A new metric supports just how dominant the pair have been this season
June 16, 2016 by John Klimp in Analysis with 0 comments
After another weekend that saw the pair winning Professional Disc Golf Association National Tour events, it’s clear that both Ricky Wysocki and Catrina Allen are playing on another level in 2016 – and not just compared to their competition. Allen has been outspoken this season about working on her mental game, and it is clearly working: Not only has her birdie percentage increased by 25 percent this season, she is 18 percent more likely to birdie after getting a bogey. We’ve seen Wysocki’s mental game on display anecdotally on the final hole of the Masters Cup, and he is also 13 percent more likely to come back from a bogey with a birdie in 2016 compared to last year. The ability to avoid going on tilt – an area both players have struggled with in the past – has helped the pair stay on the top cards.
The table below shows how much more or less likely both Wysocki and Allen have been to birdie after a bogey since 2014 – what we refer to as Bogey Recovery. Both have shown a dip in play after bogeys in previous seasons, but are now leaders in Bogey Recovery on tour.
Bogey Recovery (BR)
Bogeys and birdies only tell so much of the story, though. Strokes Versus Elite Players (SVEP) is a measure of how players perform against par, where par is calculated as the average score of “elite” players (rating of 1015 or higher for men, 909 for women) and where at least four players played the hole. Essentially, this metric lets the top players’ performance set par, as opposed to how a hole was designed. This helps account for holes of varying difficulty and prevents the tougher courses and holes from swinging players’ stats. A SVEP of greater than zero indicates a player scores below the elite player average.
Wysocki and Allen are leading the men and women on tour in this metric, respectively. The first table below shows both Wysocki and Allen’s SVEPs since 2014 to illustrate how they have started to take over the season (SVEP is multiplied by 18 to show per-round data). The second table shows the top three ranked players in SVEP for both the Open Men and Open Women. Allen is leading in this category significantly so far, and Wysocki and Paul McBeth are nearly two strokes ahead of third-ranked Simon Lizotte. The latter’s SVEP is hurting a bit currently, as the only “elite” players he’s faced off against in his last two tournaments were McBeth, Wysocki, and K.J. Nybo – not exactly the easiest players to gain separation from.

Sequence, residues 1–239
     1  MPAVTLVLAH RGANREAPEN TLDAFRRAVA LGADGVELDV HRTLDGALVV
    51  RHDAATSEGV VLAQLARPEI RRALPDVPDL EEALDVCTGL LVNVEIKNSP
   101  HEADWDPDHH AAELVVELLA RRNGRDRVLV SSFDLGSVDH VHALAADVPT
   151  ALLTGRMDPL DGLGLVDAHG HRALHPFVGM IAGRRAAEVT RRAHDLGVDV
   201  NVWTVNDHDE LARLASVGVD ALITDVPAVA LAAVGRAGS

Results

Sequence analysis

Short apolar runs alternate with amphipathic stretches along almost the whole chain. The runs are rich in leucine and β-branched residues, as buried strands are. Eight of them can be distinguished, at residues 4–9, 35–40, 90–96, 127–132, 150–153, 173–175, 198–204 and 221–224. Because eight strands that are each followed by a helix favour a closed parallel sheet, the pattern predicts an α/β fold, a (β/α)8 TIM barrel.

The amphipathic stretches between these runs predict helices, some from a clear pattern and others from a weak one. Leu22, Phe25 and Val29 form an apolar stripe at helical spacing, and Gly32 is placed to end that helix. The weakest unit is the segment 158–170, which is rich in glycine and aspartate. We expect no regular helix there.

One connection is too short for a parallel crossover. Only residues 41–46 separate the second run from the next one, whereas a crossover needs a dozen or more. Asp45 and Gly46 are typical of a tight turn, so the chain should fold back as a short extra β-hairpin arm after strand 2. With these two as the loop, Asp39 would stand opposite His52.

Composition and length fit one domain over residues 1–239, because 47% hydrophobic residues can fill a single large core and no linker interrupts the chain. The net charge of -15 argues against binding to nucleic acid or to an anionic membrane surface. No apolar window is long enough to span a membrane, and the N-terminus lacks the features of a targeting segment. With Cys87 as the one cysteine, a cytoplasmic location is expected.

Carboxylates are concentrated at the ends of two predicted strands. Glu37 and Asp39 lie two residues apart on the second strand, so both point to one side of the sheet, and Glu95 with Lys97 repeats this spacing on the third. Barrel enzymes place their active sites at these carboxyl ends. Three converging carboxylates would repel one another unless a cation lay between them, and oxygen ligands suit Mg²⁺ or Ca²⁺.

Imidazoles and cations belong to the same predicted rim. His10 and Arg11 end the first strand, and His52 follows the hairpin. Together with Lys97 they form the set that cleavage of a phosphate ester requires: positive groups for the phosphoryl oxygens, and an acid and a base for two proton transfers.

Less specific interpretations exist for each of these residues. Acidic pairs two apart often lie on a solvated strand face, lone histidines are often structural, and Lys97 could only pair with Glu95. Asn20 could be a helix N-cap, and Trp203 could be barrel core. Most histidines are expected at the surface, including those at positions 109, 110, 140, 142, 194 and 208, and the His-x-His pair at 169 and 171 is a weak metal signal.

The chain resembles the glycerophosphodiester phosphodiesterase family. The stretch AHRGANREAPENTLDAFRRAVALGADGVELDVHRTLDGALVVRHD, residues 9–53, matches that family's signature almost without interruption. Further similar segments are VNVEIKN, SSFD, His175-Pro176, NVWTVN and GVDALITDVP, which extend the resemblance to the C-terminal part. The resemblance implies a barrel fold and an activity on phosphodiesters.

SVEP (Per Round)
|Rank||Open Men||SVEP (Per Round)||Open Women||SVEP (Per Round)|
|1||Ricky Wysocki||2.09||Catrina Allen||6.24|
|2||Paul McBeth||1.85||Paige Pierce||3.58|
|3||Simon Lizotte||0.35||Valarie Jenkins||1.87|
Allen’s season, in particular, has been fascinating to watch and is nearly unprecedented in sports. The chart below illustrates how this has led to her major dominance of the women’s division since the beginning of 2015.
Athletes can sometimes improve by leaps early in their career, but Allen has been playing in the Open Women division since 2011. To offer some perspective on these gains, Steph Curry’s points per game have improved by 31 percent since 2014, while Allen’s birdie percentage has improved by 33 percent since 2014.
For the time being, Wysocki and Allen have placed themselves at the top of their divisions, and we’ll have to wait and see which other players will step up their game in the back half of the season.